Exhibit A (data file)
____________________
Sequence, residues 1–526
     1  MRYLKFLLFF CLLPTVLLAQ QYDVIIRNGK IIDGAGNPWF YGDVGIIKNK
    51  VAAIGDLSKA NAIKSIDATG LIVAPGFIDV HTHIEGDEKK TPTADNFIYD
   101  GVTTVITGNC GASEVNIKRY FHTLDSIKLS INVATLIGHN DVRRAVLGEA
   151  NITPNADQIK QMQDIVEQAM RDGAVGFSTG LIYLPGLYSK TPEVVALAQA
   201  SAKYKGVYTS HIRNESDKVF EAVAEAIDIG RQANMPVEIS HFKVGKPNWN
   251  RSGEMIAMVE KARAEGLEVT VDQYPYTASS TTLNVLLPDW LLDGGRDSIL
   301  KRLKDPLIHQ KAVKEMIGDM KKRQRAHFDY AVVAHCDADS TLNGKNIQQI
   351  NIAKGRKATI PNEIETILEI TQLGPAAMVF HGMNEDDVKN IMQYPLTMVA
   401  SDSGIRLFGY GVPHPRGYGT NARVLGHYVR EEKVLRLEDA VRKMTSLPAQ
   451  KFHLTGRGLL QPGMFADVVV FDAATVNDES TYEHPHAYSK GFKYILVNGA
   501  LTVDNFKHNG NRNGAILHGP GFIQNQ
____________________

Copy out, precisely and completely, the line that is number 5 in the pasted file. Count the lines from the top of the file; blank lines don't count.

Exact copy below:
   151  NITPNADQIK QMQDIVEQAM RDGAVGFSTG LIYLPGLYSK TPEVVALAQA